Peace of Mind in a Competitive Society
“IF ANYONE wants to be first,” Jesus Christ counseled his apostles, “he must be last of all and minister of all.” The apostles were arguing about who was greatest among them. They knew that Jesus detested that kind of spirit. Never did he pit his disciples against one another as a way to promote spiritual progress.—Mark 9:33-37.
Before coming to the earth, Jesus Christ shared in the creation of the first human couple and knew how they were made. (Colossians 1:15, 16) The first humans were created with the capacity to progress without ruthlessly competing with others. Humans had no need to fight among themselves to determine who was their head, nor did they compete with animals in a struggle for survival.—Genesis 1:26; 2:20-24; 1 Corinthians 11:3.
Origin of the Competitive Spirit
How, then, did a cutthroat competitive spirit become such a dominating force in human society? The first case of murder in human history gives a hint. A competitive spirit on the part of Cain, the eldest son of the first human couple, led to the tragedy. Cain murdered his brother Abel because Abel’s sacrifice pleased God, while Cain’s did not. And the Bible says that Cain “originated with the wicked one and slaughtered his brother.”—1 John 3:12; Genesis 4:4-8.
Yes, the wicked one, Satan the Devil, is the originator and promoter of the competitive spirit. Although he was an angelic son of God with high privileges, he wanted more. (Compare Ezekiel 28:14, 15.) When he seduced Eve, he betrayed his own desire. He said that by eating the forbidden fruit, she was “bound to be like God.” (Genesis 3:4, 5) Really, it was Satan who wanted to be like God, rivaling Jehovah. A spirit of competing against God spurred him to rebellion.—James 1:14, 15.
This spirit is contagious. Under Satan’s influence, the God-given peace of the original family arrangement was lost. (Genesis 3:6, 16) Ever since his rebellion against God, Satan the Devil has ruled mankind, fostering a spirit of competition, even deceiving men and women into believing that cutthroat competition is the key to success. However, the Bible explains: “Where jealousy and contentiousness are, there disorder and every vile thing are.” (James 3:14-16) Satan has thus robbed man of his happiness and peace of mind.
Success Without Competition
In contrast with Satan’s persuasion, the Bible gives examples of success apart from competition. Foremost is that of Jesus Christ. Although existing in God’s form, he never thought of being equal to God but took a slave’s form and came to the earth. More than that, he humbled himself and became obedient as far as death on a torture stake. This obedient attitude, devoid of any spirit of rivalry, led to his winning divine favor. “For this very reason also God exalted him to a superior position and kindly gave him the name that is above every other name.” (Philippians 2:5-9) What greater success could any creature achieve? He pleased his Father to the extent that no other creature could, and this he did without any spirit of rivalry or competition.—Proverbs 27:11.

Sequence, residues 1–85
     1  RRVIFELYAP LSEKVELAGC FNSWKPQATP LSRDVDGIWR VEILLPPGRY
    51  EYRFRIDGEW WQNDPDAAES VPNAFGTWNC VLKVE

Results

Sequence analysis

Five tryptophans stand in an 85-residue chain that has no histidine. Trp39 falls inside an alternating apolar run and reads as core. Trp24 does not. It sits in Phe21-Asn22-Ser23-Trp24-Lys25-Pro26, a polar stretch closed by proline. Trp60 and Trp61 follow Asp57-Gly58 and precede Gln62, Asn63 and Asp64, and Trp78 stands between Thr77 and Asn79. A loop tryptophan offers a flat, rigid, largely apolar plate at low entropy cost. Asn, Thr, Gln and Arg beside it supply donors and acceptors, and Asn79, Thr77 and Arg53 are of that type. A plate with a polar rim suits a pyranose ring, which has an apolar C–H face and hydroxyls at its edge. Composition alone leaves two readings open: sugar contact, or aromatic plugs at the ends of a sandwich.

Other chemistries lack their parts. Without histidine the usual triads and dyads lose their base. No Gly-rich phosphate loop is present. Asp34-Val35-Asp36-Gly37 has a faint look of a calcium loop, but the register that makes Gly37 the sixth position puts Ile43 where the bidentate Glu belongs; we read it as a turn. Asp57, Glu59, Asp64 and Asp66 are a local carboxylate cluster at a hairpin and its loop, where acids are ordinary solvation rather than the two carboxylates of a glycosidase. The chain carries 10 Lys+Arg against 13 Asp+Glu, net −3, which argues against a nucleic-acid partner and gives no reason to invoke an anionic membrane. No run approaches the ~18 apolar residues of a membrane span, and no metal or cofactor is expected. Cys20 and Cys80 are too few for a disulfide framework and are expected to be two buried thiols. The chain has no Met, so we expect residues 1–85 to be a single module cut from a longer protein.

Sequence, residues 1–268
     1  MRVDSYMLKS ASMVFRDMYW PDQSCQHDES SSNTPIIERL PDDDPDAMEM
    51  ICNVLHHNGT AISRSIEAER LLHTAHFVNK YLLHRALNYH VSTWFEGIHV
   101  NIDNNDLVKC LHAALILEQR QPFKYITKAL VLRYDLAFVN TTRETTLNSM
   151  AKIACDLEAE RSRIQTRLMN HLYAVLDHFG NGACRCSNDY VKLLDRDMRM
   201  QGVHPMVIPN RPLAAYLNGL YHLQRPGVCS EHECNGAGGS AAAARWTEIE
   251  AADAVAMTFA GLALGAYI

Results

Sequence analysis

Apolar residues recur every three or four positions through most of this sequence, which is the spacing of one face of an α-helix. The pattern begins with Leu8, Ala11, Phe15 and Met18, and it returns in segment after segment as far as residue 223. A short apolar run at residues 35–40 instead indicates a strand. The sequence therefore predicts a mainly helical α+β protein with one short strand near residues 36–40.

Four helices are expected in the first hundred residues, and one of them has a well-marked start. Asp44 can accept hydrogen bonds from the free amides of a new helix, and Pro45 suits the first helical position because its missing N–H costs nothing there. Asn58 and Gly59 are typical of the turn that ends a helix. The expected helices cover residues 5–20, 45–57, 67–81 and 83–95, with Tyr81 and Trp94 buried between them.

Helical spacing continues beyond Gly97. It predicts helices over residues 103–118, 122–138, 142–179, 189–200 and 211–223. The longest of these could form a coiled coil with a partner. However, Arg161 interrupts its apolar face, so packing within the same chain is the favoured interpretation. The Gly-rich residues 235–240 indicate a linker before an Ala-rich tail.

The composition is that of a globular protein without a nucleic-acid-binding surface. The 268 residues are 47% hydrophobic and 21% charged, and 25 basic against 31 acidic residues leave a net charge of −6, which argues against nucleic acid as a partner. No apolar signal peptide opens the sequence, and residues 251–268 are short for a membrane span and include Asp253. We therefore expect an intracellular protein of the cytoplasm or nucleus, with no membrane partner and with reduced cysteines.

The numerous faithful angels in heaven show this same attitude. Although Jesus, who was the head of the angels, became a little lower than them when he came to earth, they willingly served his needs. Clearly, they entertained no thought of taking advantage of the situation and trying to supplant him as the Archangel.—Matthew 4:11; 1 Thessalonians 4:16; Hebrews 2:7.
Their aversion to competitive attitudes is even more evident when we consider the way they have responded to God’s purpose to exalt some imperfect humans to immortal spirit life, in which state they will “judge angels.” (1 Corinthians 6:3) Angels have a wealth of experience in serving Jehovah and have far more ability to accomplish good than do imperfect humans. Still, the angels happily minister to anointed ones on earth, never jealous of what these will receive. (Hebrews 1:14) Their fine, noncompetitive attitude enables them to continue serving before the throne of the Sovereign Lord Jehovah.
Then, think of the ancient faithful servants of God who will be resurrected on earth. Abraham was an outstanding example of faith and was called “the father of all those having faith.” (Romans 4:9, 11) Job set a sterling example of endurance. (James 5:11) Moses, “by far the meekest of all the men who were upon the surface of the ground,” led the nation of Israel to freedom. (Numbers 12:3) Who among imperfect humans has set a better example of faith, endurance, and meekness than these men? However, they are in line for inheriting the earthly realm of God’s Kingdom. (Matthew 25:34; Hebrews 11:13-16) They, like John the Baptizer, will be ranked below “a person that is a lesser one in the kingdom of the heavens.” (Matthew 11:11) Will they even think of complaining, insisting that their faith, endurance, or meekness equaled or in some cases surpassed that of those given life in heaven? Assuredly not! They will be happy earthly subjects of God’s Kingdom.